I popped on the oxygen mask. He still gasped for breath. ‘Call an ambulance!' I yelled. Owen's body began to shake. Then his eyes rolled back in his head.
Next thing I knew, I was following the operator's instructions on giving CPR...
Only moments before, we'd been having a whale of a time celebrating Tegan's birthday - now my boy was fighting for his life.
It was only when the ambulance arrived that I realised Mum had got the other kids out of the room. As the paramedics rushed off with him, I felt such a gut-wrenching ache of pain. Breathe, Owen, breathe!
Once at the hospital, I felt like I was left waiting forever. Oh, here was the doctor.
‘I'm sorry...' he began. No, no, don't apologise, it's good news, it has to be. ‘There was nothing we could do,' he continued quietly. ‘The asthma attack caused a panic attack, which made Owen's heart stop.'
Crushed. I felt totally crushed. The doctor said there was no way of knowing exactly what had triggered the attack. But I knew it was probably because he'd got so excited about his sister's birthday. It seemed so cruel.
Just an hour ago, he was laughing and joking at her party. How could he be dead? And how on earth was I going to tell Tegan...
Walking into the house, I sat her on my knee and wrapped my arms around her. ‘Owen's gone to heaven, sweetheart,' I whispered. She didn't say a single word. Just clung to me, sobbing quietly into my chest.
When he was buried a couple of weeks later, Tegan insisted on coming to the funeral to say goodbye. She wrote a little card to Owen, too, and we had it put in his coffin.
I love you and miss you lots and lots, she'd written. Tears streamed from my eyes when I read it.
But when the numbness and disbelief began to wear off, that's when the pain really crashed over us. That's when I spent hours watching a video we had of Owen at Tegan's party on one of our phones. There he was, just for a moment, walking down the hall. Looking so happy, so full of life. I found it comforting and heartbreaking at the same time.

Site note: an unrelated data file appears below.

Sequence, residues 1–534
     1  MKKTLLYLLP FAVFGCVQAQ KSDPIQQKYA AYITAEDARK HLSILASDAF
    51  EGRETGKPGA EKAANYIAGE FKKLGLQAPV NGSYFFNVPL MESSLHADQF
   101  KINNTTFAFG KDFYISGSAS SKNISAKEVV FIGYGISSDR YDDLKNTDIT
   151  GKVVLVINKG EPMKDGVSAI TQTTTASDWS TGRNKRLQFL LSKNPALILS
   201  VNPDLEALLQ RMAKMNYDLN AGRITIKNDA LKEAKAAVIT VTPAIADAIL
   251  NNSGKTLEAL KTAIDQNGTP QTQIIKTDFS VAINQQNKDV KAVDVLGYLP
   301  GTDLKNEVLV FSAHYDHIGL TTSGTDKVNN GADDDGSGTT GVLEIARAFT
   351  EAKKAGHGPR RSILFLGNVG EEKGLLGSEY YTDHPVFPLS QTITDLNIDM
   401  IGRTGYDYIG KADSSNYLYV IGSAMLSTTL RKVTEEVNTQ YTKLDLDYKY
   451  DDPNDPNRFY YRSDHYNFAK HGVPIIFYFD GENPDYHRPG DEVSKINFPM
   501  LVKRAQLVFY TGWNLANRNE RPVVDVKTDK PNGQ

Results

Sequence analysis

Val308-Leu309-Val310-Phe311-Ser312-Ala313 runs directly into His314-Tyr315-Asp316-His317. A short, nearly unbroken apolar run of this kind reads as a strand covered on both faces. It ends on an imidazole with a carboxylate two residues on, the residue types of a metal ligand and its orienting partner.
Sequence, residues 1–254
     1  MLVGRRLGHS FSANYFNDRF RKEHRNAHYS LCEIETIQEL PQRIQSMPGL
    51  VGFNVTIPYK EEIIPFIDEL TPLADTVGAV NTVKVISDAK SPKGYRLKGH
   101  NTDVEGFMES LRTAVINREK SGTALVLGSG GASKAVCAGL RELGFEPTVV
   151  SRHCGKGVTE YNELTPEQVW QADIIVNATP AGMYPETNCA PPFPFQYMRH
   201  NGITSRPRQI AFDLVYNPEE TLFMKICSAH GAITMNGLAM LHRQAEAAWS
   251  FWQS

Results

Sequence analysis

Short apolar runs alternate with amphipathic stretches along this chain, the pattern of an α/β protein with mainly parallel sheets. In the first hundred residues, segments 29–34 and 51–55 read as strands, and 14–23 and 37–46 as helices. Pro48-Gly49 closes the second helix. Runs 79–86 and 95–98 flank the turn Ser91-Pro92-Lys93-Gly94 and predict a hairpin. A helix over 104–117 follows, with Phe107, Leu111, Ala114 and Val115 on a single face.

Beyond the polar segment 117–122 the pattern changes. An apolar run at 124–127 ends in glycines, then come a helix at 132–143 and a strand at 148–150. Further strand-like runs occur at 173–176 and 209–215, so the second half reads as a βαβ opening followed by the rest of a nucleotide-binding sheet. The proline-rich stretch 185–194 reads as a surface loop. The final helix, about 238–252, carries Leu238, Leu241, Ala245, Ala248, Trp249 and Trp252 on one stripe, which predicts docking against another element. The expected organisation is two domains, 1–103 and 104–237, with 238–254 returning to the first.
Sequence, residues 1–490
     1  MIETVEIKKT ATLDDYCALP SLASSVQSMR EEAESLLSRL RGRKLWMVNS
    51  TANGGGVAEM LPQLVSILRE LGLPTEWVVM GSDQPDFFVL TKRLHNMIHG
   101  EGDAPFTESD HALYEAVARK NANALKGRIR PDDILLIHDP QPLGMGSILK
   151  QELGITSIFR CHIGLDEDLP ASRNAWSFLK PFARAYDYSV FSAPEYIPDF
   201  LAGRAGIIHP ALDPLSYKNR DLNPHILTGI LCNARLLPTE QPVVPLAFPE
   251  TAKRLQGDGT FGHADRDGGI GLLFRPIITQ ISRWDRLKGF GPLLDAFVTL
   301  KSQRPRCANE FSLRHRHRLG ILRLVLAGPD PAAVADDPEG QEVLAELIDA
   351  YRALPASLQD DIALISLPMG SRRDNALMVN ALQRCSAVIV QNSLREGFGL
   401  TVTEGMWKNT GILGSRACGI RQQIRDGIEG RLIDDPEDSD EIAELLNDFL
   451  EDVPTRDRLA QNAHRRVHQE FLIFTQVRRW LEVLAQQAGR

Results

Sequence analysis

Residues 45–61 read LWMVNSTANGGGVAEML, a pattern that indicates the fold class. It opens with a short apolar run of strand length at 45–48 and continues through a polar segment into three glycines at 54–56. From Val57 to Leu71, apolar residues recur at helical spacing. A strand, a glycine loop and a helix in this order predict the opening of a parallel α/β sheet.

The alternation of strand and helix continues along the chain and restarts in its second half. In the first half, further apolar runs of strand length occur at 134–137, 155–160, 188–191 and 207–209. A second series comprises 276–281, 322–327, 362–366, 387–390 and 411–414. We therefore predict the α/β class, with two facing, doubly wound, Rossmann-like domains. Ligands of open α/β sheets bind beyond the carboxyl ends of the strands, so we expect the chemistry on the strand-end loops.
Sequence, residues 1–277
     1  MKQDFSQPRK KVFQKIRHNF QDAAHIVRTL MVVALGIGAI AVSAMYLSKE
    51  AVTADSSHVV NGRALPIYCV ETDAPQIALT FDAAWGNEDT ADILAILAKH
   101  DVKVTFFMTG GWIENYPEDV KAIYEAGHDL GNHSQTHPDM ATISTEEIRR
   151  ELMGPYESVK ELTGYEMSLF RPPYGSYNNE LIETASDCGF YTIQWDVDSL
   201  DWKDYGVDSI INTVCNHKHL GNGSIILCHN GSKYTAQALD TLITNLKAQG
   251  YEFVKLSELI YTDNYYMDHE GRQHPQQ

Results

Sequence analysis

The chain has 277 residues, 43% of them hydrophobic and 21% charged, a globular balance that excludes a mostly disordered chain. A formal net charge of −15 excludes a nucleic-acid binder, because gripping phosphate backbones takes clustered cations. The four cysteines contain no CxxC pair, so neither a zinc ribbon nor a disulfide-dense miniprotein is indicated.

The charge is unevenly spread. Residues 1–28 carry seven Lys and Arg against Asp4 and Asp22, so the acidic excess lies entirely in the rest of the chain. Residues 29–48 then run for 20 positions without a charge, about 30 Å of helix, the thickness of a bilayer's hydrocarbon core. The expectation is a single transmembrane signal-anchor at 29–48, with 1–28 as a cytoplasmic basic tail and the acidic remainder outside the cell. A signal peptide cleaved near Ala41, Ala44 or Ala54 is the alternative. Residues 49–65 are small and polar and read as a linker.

I was so glad too that Tegan had Poppy to give her some comfort. I'd walk in her room sometimes and see the two of them cuddled up together.
As Tegan's seventh birthday approached, I worried - how could I make it a happy day for my little daughter? She deserved more than her birthday turning into a day of mourning. But, at the same time, it was also
the first anniversary of her brother's death...
So we had a big party anyway, with a bouncy castle and a DJ. It was good to see her so happy. That day was all about her.
Next day, we held a sponsored walk in Owen's memory. Me and Tegan held hands as we walked along beside all of our family and friends. It was a fitting tribute. If Owen had been there, he'd have been running alongside us, a huge smile on his face.
We raised £1,000, and all the money went to Asthma UK.
Two years on, Owen may be gone, but he'll live forever in our hearts. I'll always remember him as the happy little boy that he was, so excited to be giving his sister her birthday present.

Tracy Asker, 39, Bury St Edmunds, Suffolk